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Synovus Bank v. Highway Seventy Partners

United States District Court, W.D. Tennessee, Western Division

March 26, 2015

SYNOVUS BANK, formerly known as COLUMBUS BANK AND TRUST COMPANY, as successor in interest through name change and by merger with TRUST ONE BANK Plaintiff,
HIGHWAY SEVENTY PARTNERS, a Tennessee general partnership, and Glen E. Bascom, Sr., Glen E. Bascom II, and Christopher D. Montesi Defendant.


CHARMIANE G. CLAXTON, Magistrate Judge.

Before the Court, by way Order of Reference (D.E. # 67), is Defendant's February 23, 2015 Motion to Extend the Deadline to Disclose Expert Witnesses. (D.E. # 65). Plaintiff filed its response in opposition to the Motion on February 25, 2015. (D.E. # 66) There was a telephonic hearing on the Motion on March 24, 2015 with each of the parties being represented by counsel. Based on the Motion, Response and the statements of counsel at the Motion hearing, the Court DENIES the Motion.

Fed. R. Civ. P. 16(b)(4) provides that a "schedule may be modified only for good cause and with the judge's consent." "The primary measure of Rule 16's good cause' standard is the moving party's diligence in attempting to meet the case management order's requirements." Inge v. Rock Fin. Corp., 281 F.3d 613, 625 (6th Cir.2002) (quoting Bradford v. DANA Corp., 249 F.3d 807, 809 (8th Cir.2001)). Fed.R.Civ.P. 6(b)(2) permits the court to extend the time to act (after the time to act has expired) upon a finding of good cause if the party failed to act because of excusable neglect. Excusable neglect is a "strict standard which is met only in extraordinary cases." Nicholson v. City of Warren, 467 F.3d 525, 527 (6th Cir.2006) (citing Marsh v. Richardson, 873 F.2d 129, 130 (6th Cir.1989)). Generally, inadvertence, ignorance of the rules, or mistakes interpreting the rules, even by those proceeding without counsel, do not constitute excusable neglect. Id. (citing Pioneer Inv. Servs. Co. v. Brunswick Assoc. Ltd. Partnership, 507 U.S. 380, 392, 113 S.Ct. 1489, 123 L.Ed.2d 74 (1993) ).; McNeil v. United States, 508 U.S. 106, 113, 113 S.Ct. 1980, 124 L.Ed.2d 21 (1993)). Defendant's reasons for the delay are unavailing and do not demonstrate either good cause or excusable neglect. The August 8, 2014 Scheduling Order (D.E. # 41) set February 9, 2015 as the deadline for disclosure of Defendant's Rule 26(a)(2) expert information. The Motion states that "Defendant thought that disclosure of its expert witness during discovery was sufficient to satisfy the requirements under Federal Rules of Civil Procedure 26(a)(2)." The delay was fully within the control of the Defendant. No explanation is provided for waiting two weeks after the deadline passed to request the extension to submit a disclosure that conformed to the rules.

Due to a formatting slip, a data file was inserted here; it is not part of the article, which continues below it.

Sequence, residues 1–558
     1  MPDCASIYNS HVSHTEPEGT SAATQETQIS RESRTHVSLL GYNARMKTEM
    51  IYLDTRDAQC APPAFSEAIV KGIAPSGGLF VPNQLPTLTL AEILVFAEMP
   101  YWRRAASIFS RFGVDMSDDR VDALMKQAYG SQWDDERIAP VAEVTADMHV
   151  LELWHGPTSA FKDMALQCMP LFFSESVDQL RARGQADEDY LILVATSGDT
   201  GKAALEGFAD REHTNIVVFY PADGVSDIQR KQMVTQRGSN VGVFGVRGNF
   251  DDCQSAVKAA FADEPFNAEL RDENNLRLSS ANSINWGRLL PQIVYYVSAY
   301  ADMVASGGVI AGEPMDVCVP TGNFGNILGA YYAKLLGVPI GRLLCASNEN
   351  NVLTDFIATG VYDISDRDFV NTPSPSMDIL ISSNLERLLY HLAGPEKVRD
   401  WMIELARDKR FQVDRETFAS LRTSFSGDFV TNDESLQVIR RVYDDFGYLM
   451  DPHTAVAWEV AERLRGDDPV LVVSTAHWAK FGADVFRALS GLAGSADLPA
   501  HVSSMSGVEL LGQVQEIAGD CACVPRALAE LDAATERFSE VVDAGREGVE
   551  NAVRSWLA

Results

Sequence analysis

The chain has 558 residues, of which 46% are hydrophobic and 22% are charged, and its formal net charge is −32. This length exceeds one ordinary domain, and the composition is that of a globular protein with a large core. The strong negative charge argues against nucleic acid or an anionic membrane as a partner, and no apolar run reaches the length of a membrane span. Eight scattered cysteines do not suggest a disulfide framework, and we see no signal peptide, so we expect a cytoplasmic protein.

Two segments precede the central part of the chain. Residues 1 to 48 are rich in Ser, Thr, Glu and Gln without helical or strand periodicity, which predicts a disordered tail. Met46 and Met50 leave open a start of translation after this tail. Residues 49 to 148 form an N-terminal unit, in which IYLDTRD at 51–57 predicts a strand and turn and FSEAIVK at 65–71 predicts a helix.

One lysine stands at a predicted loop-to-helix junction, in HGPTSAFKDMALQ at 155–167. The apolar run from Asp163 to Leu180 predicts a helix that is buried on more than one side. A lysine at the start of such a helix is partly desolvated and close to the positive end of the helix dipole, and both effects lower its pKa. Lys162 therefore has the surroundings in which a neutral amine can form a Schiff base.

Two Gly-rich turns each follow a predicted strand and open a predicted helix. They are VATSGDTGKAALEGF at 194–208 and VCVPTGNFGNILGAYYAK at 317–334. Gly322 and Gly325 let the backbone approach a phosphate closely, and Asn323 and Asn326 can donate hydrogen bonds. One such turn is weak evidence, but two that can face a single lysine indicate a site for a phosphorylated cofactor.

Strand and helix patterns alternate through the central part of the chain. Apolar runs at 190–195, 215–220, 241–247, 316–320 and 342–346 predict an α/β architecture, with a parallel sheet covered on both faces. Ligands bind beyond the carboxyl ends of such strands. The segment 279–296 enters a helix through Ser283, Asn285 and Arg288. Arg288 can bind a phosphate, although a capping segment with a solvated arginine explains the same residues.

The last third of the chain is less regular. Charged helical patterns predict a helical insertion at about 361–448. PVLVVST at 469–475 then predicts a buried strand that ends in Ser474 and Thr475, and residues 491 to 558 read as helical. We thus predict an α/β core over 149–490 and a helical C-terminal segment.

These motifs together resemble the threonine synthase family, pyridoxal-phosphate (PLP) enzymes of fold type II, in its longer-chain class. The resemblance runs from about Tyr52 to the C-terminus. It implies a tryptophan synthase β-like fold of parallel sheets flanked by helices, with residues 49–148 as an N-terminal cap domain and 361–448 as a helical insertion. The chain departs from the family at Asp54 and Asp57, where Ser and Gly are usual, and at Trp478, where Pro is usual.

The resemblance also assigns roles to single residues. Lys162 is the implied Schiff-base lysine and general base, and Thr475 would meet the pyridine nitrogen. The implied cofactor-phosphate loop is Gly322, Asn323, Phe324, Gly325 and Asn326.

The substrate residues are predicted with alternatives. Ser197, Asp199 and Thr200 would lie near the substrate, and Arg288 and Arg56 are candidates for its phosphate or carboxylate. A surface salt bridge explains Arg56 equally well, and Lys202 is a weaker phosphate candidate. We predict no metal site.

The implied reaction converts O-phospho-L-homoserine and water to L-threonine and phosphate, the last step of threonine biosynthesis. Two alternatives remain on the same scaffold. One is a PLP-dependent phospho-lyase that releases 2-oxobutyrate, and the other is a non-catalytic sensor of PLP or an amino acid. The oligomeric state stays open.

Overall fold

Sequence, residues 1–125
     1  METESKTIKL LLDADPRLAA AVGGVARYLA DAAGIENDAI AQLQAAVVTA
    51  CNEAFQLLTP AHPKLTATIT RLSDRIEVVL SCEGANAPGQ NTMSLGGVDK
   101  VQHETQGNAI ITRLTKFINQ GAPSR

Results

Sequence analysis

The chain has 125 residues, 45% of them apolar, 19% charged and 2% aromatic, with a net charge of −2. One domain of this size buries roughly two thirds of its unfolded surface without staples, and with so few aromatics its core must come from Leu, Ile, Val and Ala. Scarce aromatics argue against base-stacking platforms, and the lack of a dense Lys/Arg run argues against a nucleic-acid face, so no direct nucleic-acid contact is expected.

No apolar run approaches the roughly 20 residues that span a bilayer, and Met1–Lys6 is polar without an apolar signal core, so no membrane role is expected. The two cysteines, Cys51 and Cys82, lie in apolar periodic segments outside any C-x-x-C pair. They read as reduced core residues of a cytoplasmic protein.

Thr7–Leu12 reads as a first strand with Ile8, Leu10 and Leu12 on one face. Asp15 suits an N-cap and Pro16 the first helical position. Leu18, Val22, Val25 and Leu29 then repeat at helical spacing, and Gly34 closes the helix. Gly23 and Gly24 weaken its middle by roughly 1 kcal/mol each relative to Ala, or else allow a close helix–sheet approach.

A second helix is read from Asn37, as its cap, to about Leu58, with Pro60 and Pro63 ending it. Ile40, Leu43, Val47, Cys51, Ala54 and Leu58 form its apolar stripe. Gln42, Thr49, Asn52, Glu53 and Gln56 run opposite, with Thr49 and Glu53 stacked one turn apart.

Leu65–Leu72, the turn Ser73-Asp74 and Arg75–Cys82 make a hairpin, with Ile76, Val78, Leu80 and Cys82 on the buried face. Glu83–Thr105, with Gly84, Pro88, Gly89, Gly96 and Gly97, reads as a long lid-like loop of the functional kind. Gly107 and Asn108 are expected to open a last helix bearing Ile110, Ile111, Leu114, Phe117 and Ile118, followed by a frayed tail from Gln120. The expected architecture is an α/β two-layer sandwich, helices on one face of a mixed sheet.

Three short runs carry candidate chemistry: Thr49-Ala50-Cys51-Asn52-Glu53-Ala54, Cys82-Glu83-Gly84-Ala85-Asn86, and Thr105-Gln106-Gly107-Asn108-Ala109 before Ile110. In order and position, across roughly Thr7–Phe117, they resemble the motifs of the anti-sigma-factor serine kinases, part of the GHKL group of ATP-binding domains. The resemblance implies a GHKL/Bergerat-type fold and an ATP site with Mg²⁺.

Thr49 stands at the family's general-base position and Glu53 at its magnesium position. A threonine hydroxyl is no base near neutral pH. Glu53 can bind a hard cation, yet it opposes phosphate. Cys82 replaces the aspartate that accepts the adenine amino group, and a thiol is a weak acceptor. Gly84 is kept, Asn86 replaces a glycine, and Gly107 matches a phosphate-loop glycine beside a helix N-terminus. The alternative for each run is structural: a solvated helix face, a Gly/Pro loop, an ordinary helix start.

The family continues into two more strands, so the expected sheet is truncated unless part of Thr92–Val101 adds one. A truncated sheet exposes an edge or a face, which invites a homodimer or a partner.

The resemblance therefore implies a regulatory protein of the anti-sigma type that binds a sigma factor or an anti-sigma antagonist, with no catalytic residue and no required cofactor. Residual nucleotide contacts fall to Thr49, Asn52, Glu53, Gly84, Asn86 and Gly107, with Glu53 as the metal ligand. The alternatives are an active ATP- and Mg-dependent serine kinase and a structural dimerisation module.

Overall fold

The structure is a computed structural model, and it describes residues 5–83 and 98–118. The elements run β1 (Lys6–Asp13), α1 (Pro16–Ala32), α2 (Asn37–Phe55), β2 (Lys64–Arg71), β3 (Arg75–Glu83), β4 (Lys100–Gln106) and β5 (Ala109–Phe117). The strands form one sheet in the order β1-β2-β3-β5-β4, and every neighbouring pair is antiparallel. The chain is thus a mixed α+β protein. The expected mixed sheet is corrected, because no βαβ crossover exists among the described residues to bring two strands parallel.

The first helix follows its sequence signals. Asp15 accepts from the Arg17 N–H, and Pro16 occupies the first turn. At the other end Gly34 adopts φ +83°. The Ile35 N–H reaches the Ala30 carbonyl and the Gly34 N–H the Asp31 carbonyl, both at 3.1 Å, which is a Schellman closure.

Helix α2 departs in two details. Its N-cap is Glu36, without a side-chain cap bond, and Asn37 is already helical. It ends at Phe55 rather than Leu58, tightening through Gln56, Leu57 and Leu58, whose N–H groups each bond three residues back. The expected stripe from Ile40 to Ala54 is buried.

Defendant asserts that Plaintiff "will not be prejudiced by granting an extension to disclose expert witnesses, because Plaintiff has the expert witness's information and the appraisal prepared by the expert witness." "Although the existence or degree of prejudice to the party opposing the modification might supply additional reasons to deny a motion, the focus of the inquiry is upon the moving party's reasons for seeking modification. If that party was not diligent, the inquiry should end." Johnson v. Mammoth Recreations, Inc., 975 F.2d 604, 609 (9th Cir. 1992). Here, the Court finds that Defendant was not diligent in complying with the requirements of Rule 26(a)(2) and in adhering to the Scheduling Order. Consequently, there is no need for the Court to address questions of prejudice to the party opposing the modification.

Therefore, the Motion for an extension of time to disclose expert witnesses is DENIED.


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